Tuesday, March 24, 2009
This double entendre term was used around the turn of the century to connote a dashing "Man about Town". The "Hot Bird" was either a woman of dubious (translate 'loose') morals or a hot meal and the "Cold Bottle" was usually champagne. Although the idea of this saying strikes my feminist nerve, I really like the artwork and the outrageous costumes! Since the fellow is costumed as a cocky rooster, I guess the "hot bird" could be the male from the female point of view.
Often postcards illustrate popular sayings and songs from earlier eras that do not translate well to modern day sentiments. There are many comic postcards that I don't understand at all!
This postcard is currently listed on eBay: FOLKS IN COSTUME HOT BIRD COLD BOTTLE POSTCARD 1912
I am really busy scanning and listing today.
Moody Mommy (Mary Ann)
Monday, March 23, 2009
You are a Stranger here but once "If You Stop ~ You Stay"
A Good Court & Service Station
US Highways 54-60-285
East Vaughn NM
You have to love the hopeful motto of the Joy Court Motel in East Vaughn NM! The motel boasts of modern tub or shower baths, attached garages and inner-spring mattresses! It looks like Interstate 40 bypassed Vaughn to the North and left the motel to the occasional off road traveler. A check of motels near Vaughn (2000 population 500) doesn't list the Joy Court.
I can well remember when Texaco gas stations looked like this with a couple of pumps and required a key to use the restroom.
I have a passion for old motel postcards. They almost always had a motto. Even the tiniest 9 unit motels had AAA affiliation and sold postcards. Holiday Inns pretty much put an end to places like this, but in my opinion, roadside America is much more boring today!
I will feature other motels here from time to time and will soon start blogging about another of my passions, "Tacky Postcards". This postcard can be found on eBay here.
I have a motel, restaurant and roadside category in my store: Roadside Motels where you can find 1200 more "gems" like this one!
Moody Mommy (Mary Ann)
Saturday, March 21, 2009
I have to admit that this one is interesting but has me stumped! It looks to me like cherubs are trying to get the Man in the Moon drunk ...and succeeding, evidently, judging by moon's the pallor! I can't figure out what occasion would warrant such a card.
The caption reads "To wish you 'All that you wish'". Perhaps it is meant as a multi-purpose greeting card? It is postmarked 1910 which would have been contemporary with the Temperance Movement but perhaps that is a coincidence, or perhaps not.
It is embossed and printed in Germany with no information regarding artist and publisher. It would be a great addition to a "Man in the Moon" collection even if it is not completely understood. It can be found here: Ebay Item 370176607448.
TTFN ~ Moody Mommy (Mary Ann)
Thursday, March 19, 2009
I have always loved linen large letter postcards. They bring back memories of souvenir stands we visited on family vacations during my childhood in the 1950's. They are perfect mini travel posters with views of cities or states squished in the shapes of the letters. While postcards are collected world-wide, the large letter form seems to be unique to the United States. The linen large letters date from the 1930's through the 1950's.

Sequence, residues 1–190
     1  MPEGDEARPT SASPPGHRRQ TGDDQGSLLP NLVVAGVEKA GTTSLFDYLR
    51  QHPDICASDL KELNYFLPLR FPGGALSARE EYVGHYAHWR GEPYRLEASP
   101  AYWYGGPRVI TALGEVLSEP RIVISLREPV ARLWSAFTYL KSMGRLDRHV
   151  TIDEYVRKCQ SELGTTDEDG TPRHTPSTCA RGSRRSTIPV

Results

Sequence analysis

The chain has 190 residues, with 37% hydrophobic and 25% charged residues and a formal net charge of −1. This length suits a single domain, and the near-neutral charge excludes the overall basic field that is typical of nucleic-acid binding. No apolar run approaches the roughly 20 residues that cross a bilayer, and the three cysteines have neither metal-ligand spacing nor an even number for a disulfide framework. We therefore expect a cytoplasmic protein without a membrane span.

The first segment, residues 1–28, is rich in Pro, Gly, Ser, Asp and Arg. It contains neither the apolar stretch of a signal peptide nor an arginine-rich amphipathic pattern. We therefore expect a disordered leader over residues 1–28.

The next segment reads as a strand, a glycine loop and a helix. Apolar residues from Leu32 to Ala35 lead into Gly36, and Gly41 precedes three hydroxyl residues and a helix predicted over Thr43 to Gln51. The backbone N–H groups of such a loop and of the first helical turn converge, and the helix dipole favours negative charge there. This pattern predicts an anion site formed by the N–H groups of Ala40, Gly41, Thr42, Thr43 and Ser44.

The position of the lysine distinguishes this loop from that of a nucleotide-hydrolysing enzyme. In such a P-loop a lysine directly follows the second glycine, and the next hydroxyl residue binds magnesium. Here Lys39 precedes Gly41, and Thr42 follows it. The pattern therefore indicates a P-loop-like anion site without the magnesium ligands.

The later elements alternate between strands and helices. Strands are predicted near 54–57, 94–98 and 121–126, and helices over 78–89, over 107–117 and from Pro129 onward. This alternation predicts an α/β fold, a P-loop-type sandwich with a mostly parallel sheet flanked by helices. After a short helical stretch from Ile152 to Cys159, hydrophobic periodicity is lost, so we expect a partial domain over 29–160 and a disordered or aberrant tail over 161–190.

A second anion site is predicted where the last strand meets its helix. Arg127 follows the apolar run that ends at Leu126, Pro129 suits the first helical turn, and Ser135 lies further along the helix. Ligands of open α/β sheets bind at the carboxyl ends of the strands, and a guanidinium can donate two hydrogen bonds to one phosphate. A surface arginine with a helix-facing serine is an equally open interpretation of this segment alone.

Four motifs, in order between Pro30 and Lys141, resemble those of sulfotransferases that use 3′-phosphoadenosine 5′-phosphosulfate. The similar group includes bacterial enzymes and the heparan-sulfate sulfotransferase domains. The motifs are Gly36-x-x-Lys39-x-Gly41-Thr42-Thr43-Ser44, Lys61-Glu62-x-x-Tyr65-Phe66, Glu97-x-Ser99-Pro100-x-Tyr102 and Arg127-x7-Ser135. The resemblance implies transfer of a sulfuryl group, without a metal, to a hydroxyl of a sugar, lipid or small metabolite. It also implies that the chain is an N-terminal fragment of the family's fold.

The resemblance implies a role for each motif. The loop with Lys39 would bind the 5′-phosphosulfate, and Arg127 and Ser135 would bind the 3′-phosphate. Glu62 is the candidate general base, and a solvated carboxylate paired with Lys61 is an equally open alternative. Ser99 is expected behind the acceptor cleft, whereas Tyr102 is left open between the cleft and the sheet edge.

I listed this group today. I have to confess that my favorite is the one from Miami Beach.
I have several more in my store and list new ones whenever I can find them. Click here to see the large letters I currently have listed.
Moody Mommy ( Mary Ann)
"ABRAHAM LINCOLN THE MARTYRED PRESIDENT"
I listed a great postcard last night. It was printed in 1909 to commemorate the 100th anniversary of Abraham Lincoln's birth. The card caught my eye because this year is the Bicentennial anniversary. It was published by E Nash as part of the Lincoln Birthday Series No 1. It is embossed and features a cameo picture of Abe and an image of Lady Liberty visiting a woman in mourning attire seated on a bench by five soldier graves. The text of Lincoln's letter to Mrs Lydia Bixby of Boston MA who was reported to have lost five sons in battle during the Civil War is included (As it turns out, Mrs Bixby was a Confederate sympathizer who destroyed the letter. Two of her sons were killed in battle, one deserted, one was discharged and another either deserted or died as a POW. Whatever, it still is a great letter! [In my opinion, EVERY mother who loses a son or daughter in service to this country deserves such a letter]):
Washington, Nov. 21, 1864.
I have been shown in the files of the War Department a statement of the Adjutant General of Massachusetts that you are the mother of five sons who have died gloriously on the field of battle.
I feel how weak and fruitless must be any word of mine which should attempt to beguile you from the grief of a loss so overwhelming. But I cannot refrain from tendering you the consolation that may be found in the thanks of the Republic they died to save.
I pray that our Heavenly Father may assuage the anguish of your bereavement, and leave you only the cherished memory of the loved and lost, and the solemn pride that must be yours to have laid so costly a sacrifice upon the altar of freedom.
Yours, very sincerely and respectfully,
The postcard is listed on EBay (ending March 25th):
I have 9,000 GREAT postcards currently listed on eBay. I will be back soon to feature another favorite.
Moody Moomy (Mary Ann)